Examines Trauma at the Heart of Batman’s Legend

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When it comes to Batman stories, back-to-basics tales that immerse themselves in the grittiness of Gotham City and Batman’s mission more broadly tend to be a comfortable place for both readers and creators. It’s in the darkness and shadows, both literal and figurative, where there’s no shortage of stories – though the quality of those bleak tales is still up for debate. But in the world of Batman, there’s a specific time in the hero’s life where the dark and the gritty seem to have the most potential and, thus, the most interest, and that would be the early years. Those first few years of Bruce Wayne’s crusade are fascinating and not only will we see them explored in Matt Reeves’ upcoming film The Batman, but that’s the world writer Mattson Tomlin takes us to in Batman: The Imposter #1. While this issue is certainly a “dark and gritty” Batman tale, the first issue of this three-issue series is also a revelation, illuminating not only the deep-rooted challenges the vigilante faces but the dark madness that is the hero himself.

Mental health, specifically Bruce Wayne’s, is a solid focus of Batman: The Imposter #1. When a near-dead Batman crashes into her office, Dr. Leslie Tompkins finds herself with a choice no healthcare professional would envy: call it in, exposing Bruce’s secret identity and ending his mission, or treating the man inside the mask and, perhaps, finding a way to help him truly heal. Where Dr. Thompkins deviates perhaps from a real-life professional is that she ends up essentially holding Bruce hostage by requiring nightly therapy sessions (lest she call the police) but that notwithstanding, it’s a fascinating narrative choice. Anyone who has ever read a single Batman comic knows that this is a character who is created from and defined by his trauma. Exploring that trauma by calling out the damage it has done to him rather than glorify his purpose is a significant choice. It sets a tone for this story and, given the direction things go, it’s a sound call.

While Dr. Thompkins insists upon therapy for Bruce, things are getting very complicated for Batman. During the approximate year the vigilante has operated, he’s started impacting Gotham City and it’s garnered him some enemies – and not just the criminal elements you’d expect. It turns out, the GCPD isn’t exactly keen on the Bat and, more than that, neither are some of the city’s business elite. An imposter soon carries out three brutal murders that make it appear the Batman has become a monster requiring captured and thus it becomes a race to solve this mystery and, therefore, save the Batman.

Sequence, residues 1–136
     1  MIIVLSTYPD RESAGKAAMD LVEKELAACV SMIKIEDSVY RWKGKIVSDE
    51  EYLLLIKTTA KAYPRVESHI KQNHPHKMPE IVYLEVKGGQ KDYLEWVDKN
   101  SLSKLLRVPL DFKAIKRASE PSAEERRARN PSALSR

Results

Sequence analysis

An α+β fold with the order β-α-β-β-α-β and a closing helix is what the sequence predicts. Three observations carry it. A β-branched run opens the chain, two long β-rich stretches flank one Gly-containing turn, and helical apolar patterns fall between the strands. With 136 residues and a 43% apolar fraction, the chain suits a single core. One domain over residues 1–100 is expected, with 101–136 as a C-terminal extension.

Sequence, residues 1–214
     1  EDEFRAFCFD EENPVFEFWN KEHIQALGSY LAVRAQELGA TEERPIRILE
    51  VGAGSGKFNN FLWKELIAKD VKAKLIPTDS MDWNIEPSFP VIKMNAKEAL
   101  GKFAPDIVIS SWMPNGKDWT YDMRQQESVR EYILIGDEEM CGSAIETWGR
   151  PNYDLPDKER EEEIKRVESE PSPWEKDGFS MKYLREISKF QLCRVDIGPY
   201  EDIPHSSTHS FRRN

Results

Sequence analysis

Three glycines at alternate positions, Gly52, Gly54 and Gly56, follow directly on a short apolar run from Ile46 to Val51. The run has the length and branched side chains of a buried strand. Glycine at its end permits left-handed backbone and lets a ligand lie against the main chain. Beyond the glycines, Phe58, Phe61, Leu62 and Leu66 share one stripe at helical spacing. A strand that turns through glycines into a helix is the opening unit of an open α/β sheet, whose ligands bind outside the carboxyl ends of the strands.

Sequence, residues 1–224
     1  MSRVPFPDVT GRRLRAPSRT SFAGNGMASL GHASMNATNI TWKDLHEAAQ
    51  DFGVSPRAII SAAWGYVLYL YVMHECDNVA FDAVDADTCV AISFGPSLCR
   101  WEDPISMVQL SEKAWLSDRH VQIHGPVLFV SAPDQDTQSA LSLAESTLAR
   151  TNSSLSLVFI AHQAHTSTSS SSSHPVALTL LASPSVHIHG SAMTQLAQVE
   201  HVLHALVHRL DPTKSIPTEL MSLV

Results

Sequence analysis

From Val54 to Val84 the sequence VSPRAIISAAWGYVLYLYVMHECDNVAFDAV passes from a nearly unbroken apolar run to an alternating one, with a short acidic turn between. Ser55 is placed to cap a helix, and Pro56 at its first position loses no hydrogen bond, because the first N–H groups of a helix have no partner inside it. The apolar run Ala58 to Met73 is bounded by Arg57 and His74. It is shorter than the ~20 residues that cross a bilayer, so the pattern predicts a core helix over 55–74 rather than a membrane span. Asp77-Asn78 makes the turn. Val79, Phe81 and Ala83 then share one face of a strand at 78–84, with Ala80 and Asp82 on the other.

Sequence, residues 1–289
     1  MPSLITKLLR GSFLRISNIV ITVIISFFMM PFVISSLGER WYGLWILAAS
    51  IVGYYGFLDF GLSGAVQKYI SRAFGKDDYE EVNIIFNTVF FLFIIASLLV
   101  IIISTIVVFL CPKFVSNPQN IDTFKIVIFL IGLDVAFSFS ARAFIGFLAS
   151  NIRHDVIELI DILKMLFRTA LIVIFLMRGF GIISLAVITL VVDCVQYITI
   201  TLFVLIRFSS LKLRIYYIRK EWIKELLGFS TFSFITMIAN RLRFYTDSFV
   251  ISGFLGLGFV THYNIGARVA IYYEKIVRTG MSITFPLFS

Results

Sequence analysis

It’s this duality, the work of “saving” Bruce Wayne and the work of “saving” Batman, that makes for an interesting push and pull in the issue as Tomlin tees it up brilliantly with well-crafted supporting characters. There’s Dr. Tompkins, of course, but there’s also Detective Blair Wong, who is investigating the Batman murders as well as who might stand to benefit the most from the existence of Batman. The two highly-skilled and intelligent women shift the noir elements of this comic in a fresh direction and it’s well done. Also well done is Andrea Sorrentino’s art, especially when paired with Jordie Bellaire’s colors. Everything here feels intimate and crisp, even with the heavy subject matter and even heavier setting.

That isn’t to say that there aren’t a few rough edges. Dr. Thompkins’ internal monologue as she diagnoses Bruce’s various mental health concerns—particularly the commentary that he’s “possibly on the spectrum”—feels out of place and her manipulation of the situation compelling him into therapy isn’t a winning way to present that form of healthcare (and, full disclosure, accurate portrayal of mental healthcare is something that matters to me personally). There’s also the clear influence of the upcoming The Batman in the artwork is not necessarily a strength. There are panels where Batman looks very much like the glimpses we’ve already seen Robert Pattinson’s take on the character and, while it is perfectly fine, it does briefly interrupt the otherwise immersive experience of the issue.

Ultimately, even with some questionable mental healthcare and slightly jarring visual moments, Batman: The Imposter #1 is the gritty, complex story that the main Batman title wishes it were telling. By leaning into the internal and external darkness, this comic is opening up a fresh look at the world one of comics’ most recognizable characters exists within and, while there are still two issues to go so anything is possible, Batman: The Imposter #1 feels like the most authentic Batman comic to appear in a very long time. There are many things in the darkness; this Batman: The Imposter #1 makes them worth exploring. 

Published by DC Comics

On October 12, 2021

Written by Mattson Tomlin

Art by Andrea Sorrentino

Colors by Jordie Bellaire 

Letters by Andrea Sorrentino

Cover by Andrea Sorrentino

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